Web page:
You may not think that the outside of your house needs to be cleaned, but if you live in shady, windy, or humid areas, the siding and the roof can attract all manners of grime. Mold and mildew are especially problematic due to the health hazards they pose. But guess what? Pressure washers can scrub them and more away when they’re combined with the right mold-killing detergents.

Because your house may be situated in an environment that isn’t going to change anytime soon, such as the humidity or shade, the surface buildup can be recurring. In this case, owning a pressure washer is great to have since you can do it yourself whenever you need to and not worry about hiring anyone else.

Whether you want to do a regular cleaning or need your siding and roof spotless for a paint job and other projects, pressure washers are the way to go.


Dirt, moss, and weeds seem to love pavement. Your driveway, porch, sidewalk, court, patio, or other concrete-filled areas inevitably collect grime in the tough outdoor environment.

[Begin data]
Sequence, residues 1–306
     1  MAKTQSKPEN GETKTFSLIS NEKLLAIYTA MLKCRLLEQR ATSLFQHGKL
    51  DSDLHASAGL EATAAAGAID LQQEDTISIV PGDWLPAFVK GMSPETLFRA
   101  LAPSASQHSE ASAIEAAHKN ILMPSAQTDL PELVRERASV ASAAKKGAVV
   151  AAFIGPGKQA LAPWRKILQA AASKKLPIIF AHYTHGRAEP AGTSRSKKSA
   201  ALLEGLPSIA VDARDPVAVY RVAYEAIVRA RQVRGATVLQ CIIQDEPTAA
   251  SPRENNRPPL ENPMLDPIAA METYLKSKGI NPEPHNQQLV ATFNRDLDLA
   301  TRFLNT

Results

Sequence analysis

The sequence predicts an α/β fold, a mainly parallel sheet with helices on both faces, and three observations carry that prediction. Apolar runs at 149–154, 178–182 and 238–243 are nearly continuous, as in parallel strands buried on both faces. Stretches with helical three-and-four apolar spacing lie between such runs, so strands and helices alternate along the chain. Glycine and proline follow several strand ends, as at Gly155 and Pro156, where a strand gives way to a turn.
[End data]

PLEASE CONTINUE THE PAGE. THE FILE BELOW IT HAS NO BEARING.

Pressure washers love pavements, too. Love to clean them. They pack the necessary psi to strip concrete pavements of any and all grime. They can even pick away weeds that sprout up in the cracks each summer.

For the toughest layers that have gathered on pavement, it’s recommended that you use a psi between 2,000 to 3,000 psi. But because not all pressure washers can reach these levels—or you don’t want to use that much force for various reasons—you can still effectively clean with lower psi levels. It may take a bit longer, but it will still get the job done.

Lower psi is necessary for pavers as well. Unlike concrete, which is a sturdy and resilient surface, pavers can become damaged if you aren’t careful about how much psi you use and with what nozzle tip. So if you do want to use a pressure washer on pavers, you have to be extra cautious to clean properly and keep them intact.